Moreso, Nigeria is not the first country in Africa to be World Bank subservient. You need to take a trip, not as a tourist, or reforms advocate, but as a researcher to Somalia, Rwanda, Burundi and Ethiopia and Asia or South America. These are some of the countries that whole heartedly followed the World Bank induced reforms. More than any other factor, privatisation and other reform packages of the IMF/World Bank are what created the profound economic problems in these countries that aggravated socio-ethnic tensions and political instability which has made the countries, among the worst off in the world. Conflicts and warfare are the primary features of those states. The structural adjustment well engrained by IBB military regime and now consolidated by multi party elections only promote bogus institutions and fake presidential democracy that is meant to support the process of economic restructuring, what Obasanjo calls economic reforms. The clientele relationship between Nigeria (and other poor countries) and the western countries is that of the periphery and the metropolis, the centre. The implementation of the economic reform, what el-Rufa’i and his masters don’t want to reveal, is meant to globalise the macro economic policy under the direct control of the IMF and the world Bank on behalf of powerful financial and political interests (e.g Paris and London Clubs, G8).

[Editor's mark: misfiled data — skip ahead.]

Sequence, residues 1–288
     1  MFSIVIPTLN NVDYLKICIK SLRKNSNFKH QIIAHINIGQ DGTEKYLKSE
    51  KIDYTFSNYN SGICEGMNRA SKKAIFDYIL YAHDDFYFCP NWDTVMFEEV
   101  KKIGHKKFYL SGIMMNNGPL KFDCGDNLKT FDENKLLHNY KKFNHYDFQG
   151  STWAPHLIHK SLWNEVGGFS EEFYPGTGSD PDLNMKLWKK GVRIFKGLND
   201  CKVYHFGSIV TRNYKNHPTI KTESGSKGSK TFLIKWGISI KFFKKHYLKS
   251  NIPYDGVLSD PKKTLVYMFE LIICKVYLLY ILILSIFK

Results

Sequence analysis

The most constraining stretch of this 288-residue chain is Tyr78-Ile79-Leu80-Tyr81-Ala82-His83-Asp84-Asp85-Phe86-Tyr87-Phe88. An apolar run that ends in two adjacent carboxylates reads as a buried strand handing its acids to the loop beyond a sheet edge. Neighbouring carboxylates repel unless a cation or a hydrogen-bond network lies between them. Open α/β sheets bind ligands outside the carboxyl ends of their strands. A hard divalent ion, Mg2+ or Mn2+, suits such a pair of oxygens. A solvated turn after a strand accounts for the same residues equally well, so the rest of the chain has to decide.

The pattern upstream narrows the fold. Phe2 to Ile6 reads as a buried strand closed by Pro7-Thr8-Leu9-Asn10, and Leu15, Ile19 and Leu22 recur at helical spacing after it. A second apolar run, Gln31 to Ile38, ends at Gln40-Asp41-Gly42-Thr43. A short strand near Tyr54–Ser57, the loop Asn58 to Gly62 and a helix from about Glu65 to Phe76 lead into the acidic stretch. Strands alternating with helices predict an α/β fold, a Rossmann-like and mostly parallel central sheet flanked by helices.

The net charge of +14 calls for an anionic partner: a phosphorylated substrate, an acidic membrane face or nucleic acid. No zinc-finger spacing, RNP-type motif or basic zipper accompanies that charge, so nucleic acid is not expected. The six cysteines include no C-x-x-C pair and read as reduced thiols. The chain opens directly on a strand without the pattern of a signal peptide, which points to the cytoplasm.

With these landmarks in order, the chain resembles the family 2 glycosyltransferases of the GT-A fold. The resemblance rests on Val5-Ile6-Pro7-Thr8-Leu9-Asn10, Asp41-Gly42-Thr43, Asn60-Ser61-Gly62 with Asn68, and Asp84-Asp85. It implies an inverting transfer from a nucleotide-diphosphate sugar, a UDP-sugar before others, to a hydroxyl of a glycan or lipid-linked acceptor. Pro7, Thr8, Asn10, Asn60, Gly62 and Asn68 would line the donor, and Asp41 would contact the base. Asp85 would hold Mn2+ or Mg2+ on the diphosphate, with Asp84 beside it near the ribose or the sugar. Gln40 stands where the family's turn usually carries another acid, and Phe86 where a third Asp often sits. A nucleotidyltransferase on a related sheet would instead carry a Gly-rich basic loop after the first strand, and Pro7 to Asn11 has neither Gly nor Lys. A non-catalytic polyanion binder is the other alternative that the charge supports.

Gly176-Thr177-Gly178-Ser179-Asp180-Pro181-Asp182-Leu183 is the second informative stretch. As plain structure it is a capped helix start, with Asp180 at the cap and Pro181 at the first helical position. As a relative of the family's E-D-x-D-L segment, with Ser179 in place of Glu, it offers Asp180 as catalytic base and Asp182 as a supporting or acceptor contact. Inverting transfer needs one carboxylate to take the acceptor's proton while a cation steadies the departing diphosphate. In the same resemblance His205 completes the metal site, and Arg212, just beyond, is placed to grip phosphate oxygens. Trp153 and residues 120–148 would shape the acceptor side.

The transition of el-Rufa’i from where he has wracked psychological damage on the national psyche to where he is now involved in exerting structural violence on nerve centre of the nation provides an apt microcosm of a global agent at work. The Abuja Master Plan, must triumph. In countries where the welfare of the citizens come first, it calls for policy reversal even when decisions are reached in order to serve people first.